Emotional well-being is important.
It is very common for residents in post acute and long-term care settings to experience difficult emotions. Residents often experience acute and chronic medical conditions, physical discomfort, a change in living environment, reduced access to social support networks, among other losses, changes, and challenges.
Up to 90% of patients in post acute and long-term care facilities experience significant emotional and behavioral symptoms over the course of their admission and treatment process. Depression and anxiety symptoms are most common.
Post acute and long term care facilities who partner with CHE Behavioral Health services strive to improve the quality of life of their residents, including the enhancement of their emotional wellbeing. These facilities are aware that most residents admitted to their care have to deal with significant losses and other medical and functional challenges, which can contribute to emotional distress and interfere with their daily functioning. It is very common for residents to feel sad, anxious, and/or other difficult emotions related to the stressors that require inpatient rehabilitation and skilled nursing services.
Research has shown that the mind and body are connected. When a person feels sad and blue, it can impact their energy level, motivation to participate in treatment, and negatively impact outcomes, such as improving independent functioning. To achieve desired outcomes, it is essential to support the patient’s emotional health as well as their physical health.
To address the potential difficult emotions associated with losses and physical health challenges, a post acute facility will often partner with CHE Behavioral Health Services, a premier company aimed at supporting the emotional well-being and quality of life of residents in long-term care settings. When a facility partners with CHE, they have access to a licensed psychologist and/or other behavioral health experts, to work with the patients and his or her treatment providers to improve emotional well-being, improve functioning, and improve the quality of life of residents.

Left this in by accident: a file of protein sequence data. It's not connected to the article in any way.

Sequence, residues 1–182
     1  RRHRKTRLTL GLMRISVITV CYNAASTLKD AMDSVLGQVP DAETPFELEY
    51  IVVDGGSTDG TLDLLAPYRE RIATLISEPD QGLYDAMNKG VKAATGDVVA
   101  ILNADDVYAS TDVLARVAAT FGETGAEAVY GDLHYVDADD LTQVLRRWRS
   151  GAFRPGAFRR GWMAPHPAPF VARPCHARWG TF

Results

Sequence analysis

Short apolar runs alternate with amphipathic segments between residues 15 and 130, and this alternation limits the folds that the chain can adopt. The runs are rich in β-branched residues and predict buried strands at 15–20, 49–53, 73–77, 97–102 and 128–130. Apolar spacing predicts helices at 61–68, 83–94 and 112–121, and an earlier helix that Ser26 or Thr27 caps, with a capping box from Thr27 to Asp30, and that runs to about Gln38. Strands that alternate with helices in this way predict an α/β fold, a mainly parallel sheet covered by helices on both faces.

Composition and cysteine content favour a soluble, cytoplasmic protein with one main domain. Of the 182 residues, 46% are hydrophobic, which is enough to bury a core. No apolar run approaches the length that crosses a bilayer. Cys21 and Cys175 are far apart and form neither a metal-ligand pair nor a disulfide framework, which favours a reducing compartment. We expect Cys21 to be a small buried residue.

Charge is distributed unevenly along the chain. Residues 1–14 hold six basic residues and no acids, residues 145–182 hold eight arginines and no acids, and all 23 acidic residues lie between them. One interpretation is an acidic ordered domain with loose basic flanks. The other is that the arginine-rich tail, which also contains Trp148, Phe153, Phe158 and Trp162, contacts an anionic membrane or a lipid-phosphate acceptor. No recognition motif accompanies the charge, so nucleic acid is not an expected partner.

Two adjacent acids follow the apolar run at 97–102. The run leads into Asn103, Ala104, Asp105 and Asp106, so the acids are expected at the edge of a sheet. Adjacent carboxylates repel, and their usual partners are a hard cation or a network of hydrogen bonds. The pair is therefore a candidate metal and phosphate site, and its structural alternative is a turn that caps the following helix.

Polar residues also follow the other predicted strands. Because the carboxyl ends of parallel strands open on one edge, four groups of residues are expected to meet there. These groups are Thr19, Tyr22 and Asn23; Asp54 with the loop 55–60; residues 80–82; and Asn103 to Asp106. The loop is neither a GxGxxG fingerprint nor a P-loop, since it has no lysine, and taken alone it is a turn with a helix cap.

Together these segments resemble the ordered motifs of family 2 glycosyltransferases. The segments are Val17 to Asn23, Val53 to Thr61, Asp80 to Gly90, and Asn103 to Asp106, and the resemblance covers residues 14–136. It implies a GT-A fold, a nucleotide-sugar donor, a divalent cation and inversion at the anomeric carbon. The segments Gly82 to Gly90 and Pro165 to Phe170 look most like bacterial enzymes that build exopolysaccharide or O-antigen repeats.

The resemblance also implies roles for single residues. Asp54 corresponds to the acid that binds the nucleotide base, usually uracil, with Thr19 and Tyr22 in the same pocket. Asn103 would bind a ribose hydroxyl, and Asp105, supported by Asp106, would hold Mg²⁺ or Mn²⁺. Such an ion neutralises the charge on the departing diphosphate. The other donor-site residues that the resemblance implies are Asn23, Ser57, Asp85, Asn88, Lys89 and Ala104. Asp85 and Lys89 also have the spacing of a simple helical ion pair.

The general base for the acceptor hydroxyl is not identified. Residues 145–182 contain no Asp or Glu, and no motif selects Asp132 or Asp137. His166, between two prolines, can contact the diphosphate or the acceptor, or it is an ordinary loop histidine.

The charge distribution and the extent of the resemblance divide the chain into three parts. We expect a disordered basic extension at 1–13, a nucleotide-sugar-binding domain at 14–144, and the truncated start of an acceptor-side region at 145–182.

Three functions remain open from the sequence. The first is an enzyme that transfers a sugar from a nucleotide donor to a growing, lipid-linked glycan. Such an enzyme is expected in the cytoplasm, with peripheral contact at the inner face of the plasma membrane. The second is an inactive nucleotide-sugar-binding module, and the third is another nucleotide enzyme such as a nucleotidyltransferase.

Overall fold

Psychology services have been utilized in many skilled nursing facilities with excellent results and patient outcomes. If a resident expresses emotional distress or reports difficulty adjusting to recent losses (e.g. loss of functioning), his or her primary care physician may make a referral to the psychologist. Of course, the resident can decline to meet with the psychologist. The psychologist most typically begins with a initial evaluation and based on the behavioral health needs identified, may recommend follow-up psychotherapy services to provide ongoing support and improve adjustment and positive coping. These services are usually paid through Medicare Part B or other primary/secondary insurance.
The psychologist is available to provide a number of supportive services including initial evaluations of mood and thinking skills, individual, group, and family treatment services, memory testing if needed, along with other services aimed at best supporting the treatment and care of the resident.